Zimbabwe’s banks have burnt their fingers again by lending to low-rated borrowers resulting in the quality of their assets deteriorating significantly evidenced by the rising average non-performing loans (NPLs) to the total loans ratio, Business Times can report.
The non-performing assets include balances where the principal amount and interest is due and unpaid for 90 days or more, and are likely to be impaired. Interest on these loans is no longer accrued or included in the income of the banks unless the customer pays back.
Several banks have collapsed in Zimbabwe since independence in 1980 due to shareholder and management delinquency. Poorly performing loans, especially insider loans, played a key role in their insolvencies.
Apart from customers enduring tremendous psychological and financial trauma as a result of bank failures, the failure of a single financial institution has the potential to cause widespread disruption to the country’s payments system.
The majority of Zimbabwe’s lenders who are yet to publish their financial results for 2018, told Business Times this week that the deterioration in the asset quality in their balance sheets were the most significant risk to the financial system.
They said borrowers – companies and individuals – were facing difficulties in servicing their financial obligations due to the worsening economic conditions in the country, resulting in the share of bad and unrecoverable loans increasing. This has made them vulnerable as they may have to write off a big chunk of their loans.
They said the high quantum of stressed assets was a drag that hurts the financial services sector, a situation which is threatening the stability of the sector.
Old Mutual Zimbabwe – which operates CABS, and FBC Holdings which operates FBC Bank, FBC Building Society and MicroPlan (a microfinance unit) – revealed that they were struggling to win the war against delinquent borrowers.
Their books show weaker asset quality driven by weaknesses in their loan portfolios. Most of the Old Mutual subsidiaries recorded higher gross impairment ratios.
Non-performing loans for CABS stood at $47.05m, up from $43.3m the previous year, which translates to an 8.06% increase.
FBC Holdings board chairman, Hebert Nkala said: “Asset quality deteriorated as reflected by the increase in the average non-performing loans to the total ratio from 7.1% at the end of 2017 to 8.39% by December 2018.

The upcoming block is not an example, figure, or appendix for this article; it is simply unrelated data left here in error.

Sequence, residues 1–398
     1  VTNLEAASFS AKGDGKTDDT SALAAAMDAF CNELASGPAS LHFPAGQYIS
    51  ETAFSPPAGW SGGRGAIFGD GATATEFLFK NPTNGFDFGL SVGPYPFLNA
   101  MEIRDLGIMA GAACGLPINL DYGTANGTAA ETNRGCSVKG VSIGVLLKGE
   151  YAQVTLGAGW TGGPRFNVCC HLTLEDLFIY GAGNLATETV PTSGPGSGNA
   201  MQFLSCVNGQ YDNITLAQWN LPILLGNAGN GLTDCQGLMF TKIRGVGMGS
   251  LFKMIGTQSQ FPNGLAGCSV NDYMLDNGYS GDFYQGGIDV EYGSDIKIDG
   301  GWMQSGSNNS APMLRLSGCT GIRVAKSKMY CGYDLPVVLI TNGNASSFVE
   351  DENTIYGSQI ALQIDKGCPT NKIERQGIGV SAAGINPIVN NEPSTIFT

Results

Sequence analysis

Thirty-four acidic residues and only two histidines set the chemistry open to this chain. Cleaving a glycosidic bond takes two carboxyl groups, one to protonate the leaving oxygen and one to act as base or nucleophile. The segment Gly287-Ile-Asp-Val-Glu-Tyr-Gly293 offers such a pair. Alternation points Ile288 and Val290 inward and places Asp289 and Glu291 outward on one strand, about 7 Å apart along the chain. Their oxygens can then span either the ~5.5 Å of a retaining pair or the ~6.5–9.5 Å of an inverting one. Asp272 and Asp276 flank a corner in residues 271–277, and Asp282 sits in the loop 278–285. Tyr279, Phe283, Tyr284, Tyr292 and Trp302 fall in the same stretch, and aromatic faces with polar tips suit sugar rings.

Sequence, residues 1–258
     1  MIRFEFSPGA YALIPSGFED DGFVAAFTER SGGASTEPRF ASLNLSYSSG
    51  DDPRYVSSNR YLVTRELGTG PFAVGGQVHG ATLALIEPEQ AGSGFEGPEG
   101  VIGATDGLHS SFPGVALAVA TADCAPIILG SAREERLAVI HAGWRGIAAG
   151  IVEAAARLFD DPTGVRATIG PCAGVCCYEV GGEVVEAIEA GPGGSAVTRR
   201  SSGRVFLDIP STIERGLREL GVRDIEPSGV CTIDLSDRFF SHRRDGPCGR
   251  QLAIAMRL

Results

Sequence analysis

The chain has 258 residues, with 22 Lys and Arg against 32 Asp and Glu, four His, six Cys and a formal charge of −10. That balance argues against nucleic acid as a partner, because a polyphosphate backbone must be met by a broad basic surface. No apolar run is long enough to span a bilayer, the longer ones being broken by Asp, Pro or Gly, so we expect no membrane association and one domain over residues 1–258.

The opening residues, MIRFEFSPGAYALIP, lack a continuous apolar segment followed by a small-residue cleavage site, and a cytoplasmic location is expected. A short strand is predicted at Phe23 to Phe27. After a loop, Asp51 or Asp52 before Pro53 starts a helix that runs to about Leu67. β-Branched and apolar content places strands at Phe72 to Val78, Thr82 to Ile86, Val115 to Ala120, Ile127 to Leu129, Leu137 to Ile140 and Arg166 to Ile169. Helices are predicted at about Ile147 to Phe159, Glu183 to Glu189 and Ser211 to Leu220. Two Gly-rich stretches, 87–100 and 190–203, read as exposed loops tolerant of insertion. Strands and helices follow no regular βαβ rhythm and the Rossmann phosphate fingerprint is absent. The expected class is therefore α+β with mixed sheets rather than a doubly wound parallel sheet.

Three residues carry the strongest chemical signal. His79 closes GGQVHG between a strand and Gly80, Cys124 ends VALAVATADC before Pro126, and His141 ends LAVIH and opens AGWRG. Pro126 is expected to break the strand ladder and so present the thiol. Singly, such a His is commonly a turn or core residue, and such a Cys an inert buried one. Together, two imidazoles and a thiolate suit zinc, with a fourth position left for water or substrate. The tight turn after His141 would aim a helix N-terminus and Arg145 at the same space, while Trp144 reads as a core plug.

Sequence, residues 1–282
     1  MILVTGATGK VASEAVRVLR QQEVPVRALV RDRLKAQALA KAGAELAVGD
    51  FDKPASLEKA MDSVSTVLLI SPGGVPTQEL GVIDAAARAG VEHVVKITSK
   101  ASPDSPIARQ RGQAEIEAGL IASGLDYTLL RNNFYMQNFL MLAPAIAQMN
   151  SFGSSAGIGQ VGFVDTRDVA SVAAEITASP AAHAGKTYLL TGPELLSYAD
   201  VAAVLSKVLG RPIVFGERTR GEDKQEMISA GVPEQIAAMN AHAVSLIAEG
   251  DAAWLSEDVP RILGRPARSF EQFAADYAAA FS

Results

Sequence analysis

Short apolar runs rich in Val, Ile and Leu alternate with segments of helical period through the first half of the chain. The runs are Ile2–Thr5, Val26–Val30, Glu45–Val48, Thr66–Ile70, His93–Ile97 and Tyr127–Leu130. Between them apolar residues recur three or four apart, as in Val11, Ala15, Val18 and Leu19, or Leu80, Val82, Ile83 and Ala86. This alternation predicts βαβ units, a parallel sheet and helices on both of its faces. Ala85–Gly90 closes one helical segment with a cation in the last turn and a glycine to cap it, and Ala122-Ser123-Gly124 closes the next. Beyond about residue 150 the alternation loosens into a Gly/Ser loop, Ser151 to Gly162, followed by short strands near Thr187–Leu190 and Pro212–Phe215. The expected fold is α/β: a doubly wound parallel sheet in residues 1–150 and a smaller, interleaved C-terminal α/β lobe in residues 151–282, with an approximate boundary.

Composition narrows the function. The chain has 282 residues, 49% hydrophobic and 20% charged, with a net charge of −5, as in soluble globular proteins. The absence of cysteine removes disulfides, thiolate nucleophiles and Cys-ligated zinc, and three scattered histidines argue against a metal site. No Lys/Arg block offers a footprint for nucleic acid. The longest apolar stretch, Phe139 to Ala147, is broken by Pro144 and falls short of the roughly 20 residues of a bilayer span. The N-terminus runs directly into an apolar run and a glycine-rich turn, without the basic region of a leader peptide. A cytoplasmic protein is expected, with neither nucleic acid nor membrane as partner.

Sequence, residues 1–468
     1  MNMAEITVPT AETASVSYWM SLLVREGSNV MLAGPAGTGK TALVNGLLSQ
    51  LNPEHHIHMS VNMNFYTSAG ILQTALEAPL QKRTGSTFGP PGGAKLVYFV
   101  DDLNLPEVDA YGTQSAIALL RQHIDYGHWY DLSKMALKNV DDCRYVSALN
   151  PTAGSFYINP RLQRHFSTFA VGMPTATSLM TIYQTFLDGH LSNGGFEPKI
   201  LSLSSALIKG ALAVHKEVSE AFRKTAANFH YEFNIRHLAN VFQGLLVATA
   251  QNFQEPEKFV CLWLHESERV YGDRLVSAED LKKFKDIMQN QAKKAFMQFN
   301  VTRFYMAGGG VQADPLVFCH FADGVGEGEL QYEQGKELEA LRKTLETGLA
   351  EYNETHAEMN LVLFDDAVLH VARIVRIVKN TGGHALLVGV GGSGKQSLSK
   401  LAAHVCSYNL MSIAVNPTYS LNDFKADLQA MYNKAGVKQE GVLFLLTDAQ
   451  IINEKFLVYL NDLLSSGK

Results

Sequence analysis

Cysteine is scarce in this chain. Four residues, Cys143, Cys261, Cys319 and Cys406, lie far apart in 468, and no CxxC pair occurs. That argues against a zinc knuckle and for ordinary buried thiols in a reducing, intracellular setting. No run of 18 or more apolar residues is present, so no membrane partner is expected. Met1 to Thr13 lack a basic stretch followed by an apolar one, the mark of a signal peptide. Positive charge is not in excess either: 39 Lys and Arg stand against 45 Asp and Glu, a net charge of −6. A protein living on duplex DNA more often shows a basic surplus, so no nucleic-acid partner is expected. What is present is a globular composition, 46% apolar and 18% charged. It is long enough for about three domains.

“FBC Bank’s non-performing loans ratio was at 1.1%, FBC Building Society at 6.1%, while Microplan was at 4.91% as at December 31, 2018.”
Generally Zimbabwe’s banks are reeling under a huge pile of bad loans with NPLs reaching a
peak of 20.45% of bank loans and advances in 2014, largely due to the absence of credit bureaux in the country, but to a lesser decree poor corporate practices, deep-rooted risk management deficiencies and chronic liquidity problems were also to blame.
Some banks also engaged in over-trading while some failed to manage risks, with the boards and management failing to put in place strong risk management systems.
But NPLs declined to about 10% at the end of
2016 after the Reserve Bank of Zimbabwe (RBZ) established a special vehicle, the Zimbabwe Asset Management Corporation, to acquire NPLs from the banks to allow them to strengthen their balance sheets and in the process leverage on the balance sheets to access fresh capital to fund productive sectors and spur economic growth.
To enhance the verification process of borrowers and enable bankers to assess credit risk and reduce the level of NPLs in the banking sector, the RBZ engaged a renowned credit checker from the Czech Republic called Creditinfo in 2016 to establish the country’s Credit Reference Bureau (CRB).
The CRB system, which consists of a credit registry and private reference bureau, was meant to allow lenders to determine how much and at what rates to lend. It is expected to promote transparency in the economy as there will be greater sharing of information, making financial institutions aware of their customers’ financial exposures.
Credit bureaux collect individual, corporate and other legal entities’ credit data from a variety of sources. This is consolidated into profiles available on request to subscribers.
This helps enhance financial stability by promoting robust risk management practices, and reducing credit risk. Credit will therefore be given to vetted individuals.
It is expected that once risk is reduced, banks can lend at lower interest rates, fuelling the growth of related economic activities.
But despite the existence of the CRB, NPLs are still on the rise. The central bank has also observed that the ratio of non-performing loans is soaring.
Zimbabwe’s economic growth has slowed since September last year to its weakest pace since dollarisation in 2009. Economic indicators have worsened in 2019 with prices of basic commodities soaring, resulting in annual inflation hitting a high of 66.80% in March, from 5.39% in September 2018, translating to a 61.41% increase.
Currently, inflationary pressures appear to be higher than the past few months due to the worsening economic conditions.
In its latest World Economic Outlook, the IMF projected that Zimbabwe’s economy would contract by 5.2% this year, increasing the country’s economic woes.